Since the counter-EMF at these rotation speeds is low, these short block-shaped signals result in currents i1, i2 as depicted in
The present invention deals, among other things, with the problem of these needle-shaped currents, which are depicted in
The base of transistor 30 receives, through a base resistor 42, control pulses S31 from an input S1; the base of transistor 32 similarly receives, through a resistor 44, control pulses S33 from an input S2. Control pulses S31, S33 are phase-shifted as shown in
The cathodes of two diodes 54, 56 are connected to a node 50. The anode of diode 54 is connected to the base of transistor 30, and that of diode 56 to the base of transistor 32. Also connected to node 50 is the collector of an npn transistor 58 whose emitter is connected to ground 38. When transistor 58 is partially conductive, and a positive pulse S31 arrives at the base of transistor 30, a portion of that pulse S31 then flows through diode 54 and transistor 58 to ground, depending on the conductivity of transistor 58. In this fashion, the amplitude of signals S31 and S33 can thus be controlled by modifying the conductivity of transistor 58 accordingly. When the latter is completely conductive it blocks both transistors 30 and 32, and motor current I becomes zero. When transistor 58 is completely nonconductive, it has no influence at all on motor current I.
Whereas with the approach depicted, using bipolar transistors 30, 32, the action of transistor 58 is based on the fact that transistors 30, 32 are operated in the so-called linear regions (i.e. as variable resistors), and a portion of the base current is taken away from them by transistor 58, when MOSFET transistors (such as those depicted in
The base of transistor 58 is connected via a resistor 60 to node 34, i.e. voltage UR at measuring resistor 36 is conveyed to that base. This means that an increase in motor current I, i.e. a rise in voltage UR, causes transistor 58 to become more conductive and consequently causes a greater portion of the base current of transistors 30 and 32 to flow through it to ground 38, thus limiting high motor currents I to a setpoint value.
The base of transistor 58 is connected via a resistor 64 to the collector of an npn transistor 66 whose emitter is connected to ground 38. When this transistor 66 becomes conductive, it reduces the base current of transistor 58 so that the latter becomes conductive only at a higher motor current I. This is therefore a simple way to shift upward the setpoint value at which current limiting begins. When transistor 66 is completely conductive, it blocks transistor 58 so that no current limiting occurs. When transistor 66 is completely blocked, transistor 58 then receives the entire base current being conveyed to it through resistor 60, and motor current I is limited to a low value.
Transistor 66 can thus be operated either in the linear range, i.e. as a variable resistor, or in off/on mode (switched mode) if it is controlled e.g. by way of a PWM signal.
In the variant shown in
Block length W of pulses S31, S33 is specified by controller 18. It depends on the motor's load. Because the motor requires higher power at higher rotation speeds, with increasing rotation speed the pulse duty factor W/T (see equation 1) increases and uC rises; transistor 66 consequently becomes more conductive, causes a greater reduction in the base current of transistor 58 and, as a result, shifts upward the setpoint value at which current limiting begins until the latter is completely switched off at high rotation speeds, allowing motor 20 to operate at its maximum power. When transistor 66 is completely conductive, current limiting is deactivated. The voltage uC at capacitor 76 can be modified by way of the ratio between resistors 70 and 72, and it is thereby possible to define the value of W/T at which the raising of the current limit begins.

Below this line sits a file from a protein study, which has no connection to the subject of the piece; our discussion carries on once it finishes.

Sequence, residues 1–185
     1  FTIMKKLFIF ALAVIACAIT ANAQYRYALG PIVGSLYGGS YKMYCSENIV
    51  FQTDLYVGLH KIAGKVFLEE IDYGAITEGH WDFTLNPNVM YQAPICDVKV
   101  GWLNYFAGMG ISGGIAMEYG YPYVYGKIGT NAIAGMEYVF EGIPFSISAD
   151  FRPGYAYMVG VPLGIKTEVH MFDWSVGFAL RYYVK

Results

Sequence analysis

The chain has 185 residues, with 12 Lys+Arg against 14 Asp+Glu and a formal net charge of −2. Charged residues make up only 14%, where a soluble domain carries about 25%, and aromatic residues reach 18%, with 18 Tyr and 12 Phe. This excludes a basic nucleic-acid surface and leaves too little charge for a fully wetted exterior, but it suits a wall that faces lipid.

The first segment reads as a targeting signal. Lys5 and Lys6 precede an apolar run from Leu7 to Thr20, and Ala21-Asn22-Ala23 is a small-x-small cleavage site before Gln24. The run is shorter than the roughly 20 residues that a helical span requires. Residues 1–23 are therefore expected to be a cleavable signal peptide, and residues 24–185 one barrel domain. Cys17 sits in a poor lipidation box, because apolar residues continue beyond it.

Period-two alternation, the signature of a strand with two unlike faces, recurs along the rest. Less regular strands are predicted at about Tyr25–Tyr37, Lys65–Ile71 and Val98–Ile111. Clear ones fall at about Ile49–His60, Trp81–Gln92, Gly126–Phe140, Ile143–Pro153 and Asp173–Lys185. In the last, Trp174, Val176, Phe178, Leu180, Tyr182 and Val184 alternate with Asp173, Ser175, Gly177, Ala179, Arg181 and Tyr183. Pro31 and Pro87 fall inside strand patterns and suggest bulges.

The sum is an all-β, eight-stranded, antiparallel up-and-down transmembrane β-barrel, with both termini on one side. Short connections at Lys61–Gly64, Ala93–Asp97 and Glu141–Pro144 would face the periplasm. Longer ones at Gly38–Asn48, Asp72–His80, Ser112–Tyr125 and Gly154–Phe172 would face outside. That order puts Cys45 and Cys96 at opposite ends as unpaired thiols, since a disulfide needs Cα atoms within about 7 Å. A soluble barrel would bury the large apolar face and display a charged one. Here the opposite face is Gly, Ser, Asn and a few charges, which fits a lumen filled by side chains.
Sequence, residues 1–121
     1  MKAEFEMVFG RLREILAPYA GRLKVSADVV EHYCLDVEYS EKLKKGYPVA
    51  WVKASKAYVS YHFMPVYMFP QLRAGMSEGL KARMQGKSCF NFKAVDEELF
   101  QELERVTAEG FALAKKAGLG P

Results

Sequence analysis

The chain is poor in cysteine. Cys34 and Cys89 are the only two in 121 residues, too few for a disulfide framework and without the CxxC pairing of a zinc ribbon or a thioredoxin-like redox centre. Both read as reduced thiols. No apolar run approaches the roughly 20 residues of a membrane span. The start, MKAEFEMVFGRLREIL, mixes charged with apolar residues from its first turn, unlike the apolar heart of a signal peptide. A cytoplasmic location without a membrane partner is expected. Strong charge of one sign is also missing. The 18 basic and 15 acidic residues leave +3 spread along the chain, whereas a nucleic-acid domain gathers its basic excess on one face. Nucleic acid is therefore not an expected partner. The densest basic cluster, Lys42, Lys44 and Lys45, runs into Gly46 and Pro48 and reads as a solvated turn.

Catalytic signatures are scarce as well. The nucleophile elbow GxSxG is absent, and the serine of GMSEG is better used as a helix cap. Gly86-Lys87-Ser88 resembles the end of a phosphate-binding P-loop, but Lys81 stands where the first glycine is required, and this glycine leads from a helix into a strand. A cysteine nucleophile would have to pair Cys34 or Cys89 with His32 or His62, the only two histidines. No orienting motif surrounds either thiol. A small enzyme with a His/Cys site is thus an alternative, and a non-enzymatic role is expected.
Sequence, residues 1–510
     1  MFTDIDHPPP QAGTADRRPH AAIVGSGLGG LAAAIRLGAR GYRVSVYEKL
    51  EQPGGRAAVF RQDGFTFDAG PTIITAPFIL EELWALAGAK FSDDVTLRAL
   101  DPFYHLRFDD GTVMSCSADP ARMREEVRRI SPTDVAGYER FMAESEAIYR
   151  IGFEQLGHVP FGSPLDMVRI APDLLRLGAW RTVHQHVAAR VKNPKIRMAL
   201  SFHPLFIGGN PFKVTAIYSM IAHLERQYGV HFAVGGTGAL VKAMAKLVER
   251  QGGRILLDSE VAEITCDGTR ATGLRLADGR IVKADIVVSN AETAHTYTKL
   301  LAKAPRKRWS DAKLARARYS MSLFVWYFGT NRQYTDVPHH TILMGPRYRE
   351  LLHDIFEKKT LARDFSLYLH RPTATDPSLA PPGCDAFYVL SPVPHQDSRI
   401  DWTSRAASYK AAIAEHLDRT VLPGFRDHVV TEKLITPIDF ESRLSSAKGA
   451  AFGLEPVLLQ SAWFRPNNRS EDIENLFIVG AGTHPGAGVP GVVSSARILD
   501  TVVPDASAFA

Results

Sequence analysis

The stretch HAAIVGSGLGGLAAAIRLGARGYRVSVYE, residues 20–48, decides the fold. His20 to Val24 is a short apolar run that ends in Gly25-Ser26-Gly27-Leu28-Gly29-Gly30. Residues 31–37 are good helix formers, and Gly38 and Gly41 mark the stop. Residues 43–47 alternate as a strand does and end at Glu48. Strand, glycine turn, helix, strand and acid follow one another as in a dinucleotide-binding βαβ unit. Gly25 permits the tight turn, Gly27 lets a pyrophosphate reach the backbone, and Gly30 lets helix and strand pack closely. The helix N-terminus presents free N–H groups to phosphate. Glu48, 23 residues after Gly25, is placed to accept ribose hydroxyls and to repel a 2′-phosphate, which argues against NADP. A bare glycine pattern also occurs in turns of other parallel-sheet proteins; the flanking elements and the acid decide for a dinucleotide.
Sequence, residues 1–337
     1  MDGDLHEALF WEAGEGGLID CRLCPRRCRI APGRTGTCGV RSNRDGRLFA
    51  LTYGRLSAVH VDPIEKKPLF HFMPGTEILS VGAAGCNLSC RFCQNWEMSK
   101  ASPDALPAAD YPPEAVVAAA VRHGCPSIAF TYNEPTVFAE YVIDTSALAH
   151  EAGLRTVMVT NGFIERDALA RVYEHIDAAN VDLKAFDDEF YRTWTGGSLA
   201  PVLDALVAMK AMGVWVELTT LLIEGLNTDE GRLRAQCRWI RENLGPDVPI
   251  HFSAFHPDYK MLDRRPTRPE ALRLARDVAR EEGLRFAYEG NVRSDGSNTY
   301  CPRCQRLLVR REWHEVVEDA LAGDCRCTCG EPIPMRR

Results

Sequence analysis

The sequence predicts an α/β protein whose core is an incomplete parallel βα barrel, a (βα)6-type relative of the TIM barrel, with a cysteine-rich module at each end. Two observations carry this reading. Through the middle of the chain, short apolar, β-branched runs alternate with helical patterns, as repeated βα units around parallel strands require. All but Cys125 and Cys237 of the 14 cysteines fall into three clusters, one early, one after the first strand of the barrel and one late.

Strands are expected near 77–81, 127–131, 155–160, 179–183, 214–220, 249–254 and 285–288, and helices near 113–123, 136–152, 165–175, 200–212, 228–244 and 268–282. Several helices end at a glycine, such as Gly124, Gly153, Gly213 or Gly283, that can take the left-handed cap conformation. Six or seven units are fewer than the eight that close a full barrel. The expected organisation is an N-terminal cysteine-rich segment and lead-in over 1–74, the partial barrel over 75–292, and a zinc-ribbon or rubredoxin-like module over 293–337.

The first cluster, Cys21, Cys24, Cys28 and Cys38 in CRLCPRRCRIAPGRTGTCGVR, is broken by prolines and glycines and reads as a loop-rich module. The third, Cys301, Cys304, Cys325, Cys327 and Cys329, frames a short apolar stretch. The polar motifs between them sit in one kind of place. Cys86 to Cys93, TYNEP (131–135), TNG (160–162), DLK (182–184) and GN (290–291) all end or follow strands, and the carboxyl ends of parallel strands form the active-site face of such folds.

In the arrangement according to
In the variant according to
This pulse width is preferably approximately 50% of W, i.e. the pulse duty factor and therefore the information content of signal 84 is preferably approximately the same as for signals S31 and S33, but its frequency is twice as great, or optionally also four times as great.
The beginning of a pulse S31 preferably coincides with the beginning of a pulse 84, and likewise the beginning of a pulse S33 preferably coincides with the beginning of another pulse 84. This explained in more detail in
Since block length W for signals S31 and S33 is continuously recalculated in controller 18 (FIG. 1), the reduced block length X*W of pulses 84 can also very easily be calculated therein, e.g. by dividing by two. Signal 84 can therefore be generated very easily by μC 27.
As a result, it is possible to shape the individual current pulses i1, i2 individually; i.e. in
As a result, motor 20 receives less energy and its rotation speed drops below the preset target value. N-controller 18 (
The temperature Temp of transistors 30, 32 can be sensed using a sensor 96, and then also conveyed to μC 27. If that temperature becomes too high, transistor 66 becomes more conductive or even completely conductive, so that current limiting is less effective or not effective at all: transistors 30, 32 are no longer operated as resistors, but instead are fully conductive in the switched-on state, and therefore become colder again. This can be achieved, for example, by increasing the value of factor X (equation 2). This factor can, for example, be derived as a function of temperature Temp from a table in ROM 25. The maximum temperature of transistors 30, 32 can thereby be influenced in the desired fashion.
In a motor that drives a fan controlled by ambient temperature, a low ambient temperature means a low motor rotation speed. At low temperatures, transistors 30, 32 can experience greater thermal loads by being operated as resistors, meaning an increased power loss in these transistors. In this case, at lower temperatures, the transistors can therefore be operated in “linear mode,” i.e. as variable resistors, whereas at high rotation speeds (and correspondingly high ambient temperatures) they are preferably operated in so-called “switched mode,” in which the transistors operate with low losses.